Fixed Income 101: Roll-down

Roll-down is the capital gain created by the natural fall in a bond’s yield as it approaches maturity. As a fixed income investor, it is probably the most you will ever get paid for doing nothing.

It helps to start by considering the shape of a typical yield curve, which is simply the line you get if you plot the yield a bond issuer pays for borrowing at different maturities.

Yield curves are typically upward sloping, meaning the yield on shorter maturity bonds is lower than those on longer maturity bonds; investors take a bigger risk on longer dated bonds, so they demand a higher return.

roll down 1

Graphic used for illustrative purposes only and is not based on a particular security

Assuming the shape of the yield curve doesn’t change dramatically, a bond held for one year will have a lower yield than it did a year ago. A lower yield means a higher price, which is a capital gain – that is your roll-down return.

As a basic example, let’s say you buy a five-year bond at par (a cash price of 100) with a yield of 2.5%. If you hold that bond for one year, you now effectively own a four-year bond, and all things being equal, based on the yield curve in the chart above, you can expect its yield to have dropped to 2%. Since yields move inversely with prices, the cash price of your bond has now risen to 101.90, a capital gain of 1.9%.

Fixed income fund managers think about roll-down in different ways, depending on their investment objectives.

One common roll-down strategy among retail investors, for example, is to buy longer dated bonds with the aim of earning higher yields. If the yield on five-year bonds doesn’t look particularly attractive, you might instead buy a 10-year bond and plan to hold it for five years, before selling and buying another 10-year bond; this strategy is often referred to as ‘rolling down the yield curve’. Your holding period is the same, but your income over the holding period is higher, and in theory when you sell your 10-year bond after five years you should also make a capital gain from the increased price.

However, the shape of a bond issuer’s yield curve – and this goes for both corporate and government bonds – is driven by many factors, and they are rarely (if ever) a straight line as in our basic example above.

In shorter maturities yields are primarily driven by the market’s short term interest rate expectations, while for longer maturities market inflation expectations become more influential. This means yield curves tend to be ‘steeper’ at the short end than they are at the long end.

The steeper the curve, the bigger your potential for roll-down gains, since the bond’s yield can be expected to fall further over a one-year holding period. However, we must remember that the shorter the bond, the lower its price sensitivity to changes in yield (this is duration). Position too short on the curve and the lack of duration means your roll-down gains are very small; position too long and you miss the steepest section. The ‘sweet spot’ for roll-down gains will vary between sectors and issuers, but in our experience it is often in the 3-4 year part of the curve. 

For example, the chart below shows the yield curve of US telecoms giant AT&T as it was in May 2018. 

roll down 2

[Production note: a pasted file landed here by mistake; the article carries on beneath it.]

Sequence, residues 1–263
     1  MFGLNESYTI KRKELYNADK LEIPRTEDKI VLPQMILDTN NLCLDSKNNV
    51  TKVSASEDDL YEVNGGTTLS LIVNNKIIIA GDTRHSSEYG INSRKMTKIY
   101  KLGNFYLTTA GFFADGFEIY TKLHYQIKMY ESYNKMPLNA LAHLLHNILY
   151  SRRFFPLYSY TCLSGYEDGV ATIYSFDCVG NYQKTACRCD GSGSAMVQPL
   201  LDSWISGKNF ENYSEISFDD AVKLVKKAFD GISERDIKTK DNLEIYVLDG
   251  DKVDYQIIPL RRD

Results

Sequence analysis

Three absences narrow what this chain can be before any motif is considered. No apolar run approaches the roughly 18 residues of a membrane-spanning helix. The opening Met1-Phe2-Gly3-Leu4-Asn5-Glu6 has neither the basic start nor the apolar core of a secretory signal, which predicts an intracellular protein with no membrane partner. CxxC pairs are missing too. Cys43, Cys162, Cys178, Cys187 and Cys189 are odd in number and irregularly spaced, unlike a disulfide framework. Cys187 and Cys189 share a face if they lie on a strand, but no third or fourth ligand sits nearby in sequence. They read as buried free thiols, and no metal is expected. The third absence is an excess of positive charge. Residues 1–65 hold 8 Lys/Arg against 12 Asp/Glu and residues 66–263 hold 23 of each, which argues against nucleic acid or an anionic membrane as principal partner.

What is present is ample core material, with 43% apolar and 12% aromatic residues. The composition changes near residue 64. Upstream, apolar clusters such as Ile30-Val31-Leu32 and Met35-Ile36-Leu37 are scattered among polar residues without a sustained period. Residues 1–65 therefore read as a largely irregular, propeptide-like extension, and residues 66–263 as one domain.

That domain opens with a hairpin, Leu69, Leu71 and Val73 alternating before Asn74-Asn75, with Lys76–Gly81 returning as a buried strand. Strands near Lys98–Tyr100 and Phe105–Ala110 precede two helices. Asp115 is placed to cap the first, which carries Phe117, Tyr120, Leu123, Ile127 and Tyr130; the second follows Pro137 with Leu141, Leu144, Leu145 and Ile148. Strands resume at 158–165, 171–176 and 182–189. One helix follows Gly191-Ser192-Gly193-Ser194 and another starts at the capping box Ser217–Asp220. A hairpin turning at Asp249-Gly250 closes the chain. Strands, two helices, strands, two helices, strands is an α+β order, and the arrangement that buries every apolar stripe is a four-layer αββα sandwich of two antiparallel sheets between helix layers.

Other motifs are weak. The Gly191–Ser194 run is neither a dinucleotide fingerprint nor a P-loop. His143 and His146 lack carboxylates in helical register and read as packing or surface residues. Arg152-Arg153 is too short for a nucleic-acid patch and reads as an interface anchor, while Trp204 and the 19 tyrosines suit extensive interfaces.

Source: TwentyFour, Bloomberg, 5 May 2018

At this point, you could have bought a four-year AT&T bond at a cash price of 100 and a yield of 3.52%. After holding it for one year, you would expect to now be holding a three-year bond that yields 3.31% at a cash price of 100.59 meaning a roll-down gain of 0.59%, which added to your yield makes your total return 4.11% over one year.

If instead you bought the 10-year AT&T bond yielding 4.21% at a cash price of 100, after one year your nine-year bond should now yield 4.17% at a cash price of 100.30, a roll-down gain of 0.30% and a one-year total return of 4.51%.

The higher total return on the 10-year option may look attractive, but many fund managers will consider the higher expected roll-down gain of the four-year bond to be better value, particularly since the 10-year bond comes with added duration and longer dated bonds tend to experience more volatility; in other words, the roll-down potential of the four-year bond is seen as more reliable.

It is also worth noting here that to realise a roll-down gain you do have to sell the bond at some point before maturity, because a bond’s cash price will trend back towards par the closer it gets to maturity.

When fund managers talk about the attractive roll-down available in some bonds, they aren’t necessarily intending to sell those bonds after a year to realise the gain. However, roll-down can be a useful tool in fixed income portfolio management as it can help investors identify where exactly they want to sit on the yield curve, and where they can expect to be best rewarded for taking that one year of risk.


Important Information: TwentyFour, its affiliates and the individuals associated therewith may (in various capacities) have positions or deal in securities (or related derivatives) identical or similar to those described herein. The companies identified above have been used for illustrative purposes only to help elaborate on the subject matter under discussion. They should not be deemed a recommendation to purchase, hold or sell the same or similar. No assumption should be made as to the profitability or performance of any company identified or security associated with them.